Summit Technology, Inc. — the story of a dramatic turnaround powered by great people and process.

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Summit Technology, Inc. was a Boston-area developer, manufacturer and marketer of excimer laser systems. Under the brilliant technical leadership of founder and CEO David Muller, the company was first to receive FDA approval for myopia (nearsightedness) treatment. The large potential market (220M eyes), attractive business model and charismatic CEO allowed for a successful IPO in 1996, raising over $100M to fund commercialization and scale-up.

With the IPO came high expectations, as many as 4 million eyes per year, for the lucrative $250/eye procedure fees. Due to typical market adoption factors, however, procedures in the first year fell well short of expectations – with a modest 55,000 eyes treated. Summit responded by opening 19 company-owned “Centers of Excellence” –in direct competition with their customers. To compound the problem, Summit had taken its “eye off the ball” and allowed VISX, Inc., its West Coast rival, to surpass them in technology, FDA approvals and market share. The combination of disappointed shareholders and dissatisfied customers lead Summit’s board to appoint Robert Palmisano, formerly President of Bausch and Lomb’s Eyewear Division, as CEO in early 1997.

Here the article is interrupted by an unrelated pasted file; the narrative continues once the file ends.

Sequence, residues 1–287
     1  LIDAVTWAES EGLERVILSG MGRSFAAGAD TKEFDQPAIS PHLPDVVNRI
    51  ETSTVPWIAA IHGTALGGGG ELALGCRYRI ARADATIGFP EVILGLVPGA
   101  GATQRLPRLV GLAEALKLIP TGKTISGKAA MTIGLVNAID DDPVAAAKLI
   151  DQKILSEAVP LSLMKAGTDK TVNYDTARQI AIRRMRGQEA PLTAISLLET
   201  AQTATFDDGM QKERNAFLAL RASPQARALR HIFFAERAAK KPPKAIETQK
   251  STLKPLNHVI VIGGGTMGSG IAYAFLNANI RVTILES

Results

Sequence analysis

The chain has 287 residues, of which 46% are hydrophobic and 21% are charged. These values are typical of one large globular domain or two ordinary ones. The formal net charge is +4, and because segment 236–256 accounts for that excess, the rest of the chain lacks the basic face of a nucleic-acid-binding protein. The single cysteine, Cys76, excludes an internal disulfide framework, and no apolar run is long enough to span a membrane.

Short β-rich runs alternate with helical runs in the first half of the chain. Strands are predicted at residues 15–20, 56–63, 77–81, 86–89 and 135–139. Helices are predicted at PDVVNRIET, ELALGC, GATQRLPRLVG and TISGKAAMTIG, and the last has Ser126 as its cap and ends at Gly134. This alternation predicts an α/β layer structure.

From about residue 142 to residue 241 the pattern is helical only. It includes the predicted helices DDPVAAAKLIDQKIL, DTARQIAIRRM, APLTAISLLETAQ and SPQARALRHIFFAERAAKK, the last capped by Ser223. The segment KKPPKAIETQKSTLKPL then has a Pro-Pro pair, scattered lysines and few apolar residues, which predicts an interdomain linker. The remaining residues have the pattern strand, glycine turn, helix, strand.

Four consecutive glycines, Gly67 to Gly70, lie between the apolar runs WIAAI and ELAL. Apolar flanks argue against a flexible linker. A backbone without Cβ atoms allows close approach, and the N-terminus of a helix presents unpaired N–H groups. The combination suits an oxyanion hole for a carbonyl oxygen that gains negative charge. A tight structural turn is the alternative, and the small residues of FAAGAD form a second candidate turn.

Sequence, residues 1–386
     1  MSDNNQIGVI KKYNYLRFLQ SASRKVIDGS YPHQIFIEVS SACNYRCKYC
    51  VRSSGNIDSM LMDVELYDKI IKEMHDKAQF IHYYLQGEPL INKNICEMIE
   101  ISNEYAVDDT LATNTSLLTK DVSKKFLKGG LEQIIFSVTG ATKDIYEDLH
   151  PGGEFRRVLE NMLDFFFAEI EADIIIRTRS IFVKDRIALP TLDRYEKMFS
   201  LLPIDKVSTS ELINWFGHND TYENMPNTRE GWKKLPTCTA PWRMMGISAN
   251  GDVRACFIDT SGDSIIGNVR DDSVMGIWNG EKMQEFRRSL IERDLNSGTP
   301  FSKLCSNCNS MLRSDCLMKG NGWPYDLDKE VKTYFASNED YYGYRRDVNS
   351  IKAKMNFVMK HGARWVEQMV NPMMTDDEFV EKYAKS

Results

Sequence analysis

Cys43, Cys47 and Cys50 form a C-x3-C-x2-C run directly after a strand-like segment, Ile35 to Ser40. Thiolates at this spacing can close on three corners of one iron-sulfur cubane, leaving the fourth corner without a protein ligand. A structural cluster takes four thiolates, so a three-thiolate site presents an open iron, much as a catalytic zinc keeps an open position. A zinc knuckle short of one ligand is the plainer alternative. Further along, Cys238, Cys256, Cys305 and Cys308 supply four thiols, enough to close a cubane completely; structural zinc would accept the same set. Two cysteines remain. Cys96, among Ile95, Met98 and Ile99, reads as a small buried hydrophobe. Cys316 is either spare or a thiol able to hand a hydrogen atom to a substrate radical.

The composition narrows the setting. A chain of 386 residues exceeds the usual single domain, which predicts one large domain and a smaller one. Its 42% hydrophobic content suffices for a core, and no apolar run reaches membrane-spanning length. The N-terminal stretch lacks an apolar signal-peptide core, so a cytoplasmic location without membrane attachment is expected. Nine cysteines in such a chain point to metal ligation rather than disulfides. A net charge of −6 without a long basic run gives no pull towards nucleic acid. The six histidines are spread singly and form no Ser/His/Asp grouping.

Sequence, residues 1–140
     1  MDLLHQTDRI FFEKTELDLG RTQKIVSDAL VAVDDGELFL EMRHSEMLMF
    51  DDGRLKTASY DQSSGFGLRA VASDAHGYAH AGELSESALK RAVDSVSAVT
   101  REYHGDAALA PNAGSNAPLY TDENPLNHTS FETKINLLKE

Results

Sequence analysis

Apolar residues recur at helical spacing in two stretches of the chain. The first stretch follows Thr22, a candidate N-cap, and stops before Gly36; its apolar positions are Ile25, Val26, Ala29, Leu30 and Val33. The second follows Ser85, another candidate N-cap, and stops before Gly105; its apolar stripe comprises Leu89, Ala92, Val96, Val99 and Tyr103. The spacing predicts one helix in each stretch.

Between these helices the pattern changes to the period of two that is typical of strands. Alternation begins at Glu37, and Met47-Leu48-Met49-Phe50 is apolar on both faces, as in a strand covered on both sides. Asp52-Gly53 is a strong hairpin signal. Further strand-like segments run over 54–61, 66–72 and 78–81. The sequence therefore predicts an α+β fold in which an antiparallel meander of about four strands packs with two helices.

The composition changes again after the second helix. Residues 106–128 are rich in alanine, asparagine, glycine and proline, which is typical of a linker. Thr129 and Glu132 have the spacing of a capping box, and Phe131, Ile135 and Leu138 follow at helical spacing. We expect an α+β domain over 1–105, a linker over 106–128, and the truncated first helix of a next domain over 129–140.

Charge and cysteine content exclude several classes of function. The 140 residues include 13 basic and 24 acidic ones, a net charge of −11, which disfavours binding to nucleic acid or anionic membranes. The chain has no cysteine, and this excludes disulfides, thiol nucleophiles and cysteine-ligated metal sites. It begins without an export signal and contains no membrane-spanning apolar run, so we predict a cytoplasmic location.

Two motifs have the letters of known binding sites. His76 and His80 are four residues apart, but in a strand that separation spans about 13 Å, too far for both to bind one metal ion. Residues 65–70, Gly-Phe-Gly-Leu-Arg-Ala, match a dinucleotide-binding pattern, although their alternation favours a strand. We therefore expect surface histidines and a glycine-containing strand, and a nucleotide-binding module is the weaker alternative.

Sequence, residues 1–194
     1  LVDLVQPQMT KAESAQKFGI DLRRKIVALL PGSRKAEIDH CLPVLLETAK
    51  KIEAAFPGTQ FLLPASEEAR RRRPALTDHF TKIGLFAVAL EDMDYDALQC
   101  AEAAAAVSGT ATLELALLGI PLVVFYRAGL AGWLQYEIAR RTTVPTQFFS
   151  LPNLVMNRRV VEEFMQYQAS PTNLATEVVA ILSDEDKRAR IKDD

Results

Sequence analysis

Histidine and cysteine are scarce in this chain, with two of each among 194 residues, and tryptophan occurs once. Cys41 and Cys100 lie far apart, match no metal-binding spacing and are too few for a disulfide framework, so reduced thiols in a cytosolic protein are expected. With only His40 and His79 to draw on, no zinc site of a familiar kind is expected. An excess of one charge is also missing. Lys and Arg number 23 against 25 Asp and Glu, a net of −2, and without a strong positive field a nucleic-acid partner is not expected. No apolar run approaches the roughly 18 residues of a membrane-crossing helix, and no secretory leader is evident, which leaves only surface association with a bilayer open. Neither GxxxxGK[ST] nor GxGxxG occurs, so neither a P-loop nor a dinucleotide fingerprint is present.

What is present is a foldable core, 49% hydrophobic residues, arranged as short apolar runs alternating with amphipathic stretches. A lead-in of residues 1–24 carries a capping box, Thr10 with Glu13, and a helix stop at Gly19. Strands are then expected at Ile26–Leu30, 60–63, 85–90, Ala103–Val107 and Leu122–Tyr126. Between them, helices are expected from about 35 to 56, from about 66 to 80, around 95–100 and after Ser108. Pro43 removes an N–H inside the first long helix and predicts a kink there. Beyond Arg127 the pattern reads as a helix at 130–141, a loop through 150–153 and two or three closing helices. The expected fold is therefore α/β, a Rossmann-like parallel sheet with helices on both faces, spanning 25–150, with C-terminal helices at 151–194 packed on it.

Palmisano quickly initiated a turnaround plan, which included divestiture of the Company-owned laser-vision centers; new executive leadership in marketing and sales, finance, manufacturing operations, regulatory and clinical affairs, and legal; a mantra to “mean more to our customers” and a high performance management system (HPMS) built on proven quality principles and practices. I was fortunate to be a member of this newly formed team. Palmisano also brought in Richard Palermo, Sr. as Summit’s primary management consultant, to assist us in adopting and implementing HPMS.

HPMS is a macro-management process with four primary inputs: voice of customer, voice of employee, voice of the financial community/shareholder and management judgment. These inputs are used to identify an organization’s “Vital Few” priorities, which, in some cases, are solved with structured problem-solving methodology.

Through HPMS, great people, and a lot of hard work, we transformed Summit into a world-class entity in less than four years –culminating in a $900M sale to Alcon Laboratories in 2000. This exit represented a 9x increase in shareholder value – a result that would not have been possible, I believe, absent the choreography and discipline provided by HPMS.

Since this initial introduction, we have helped many organizations successfully implement HPMS. If you have a turnaround or business transformation challenge, please reach out to us to learn more about how we can assist you in achieving your goals.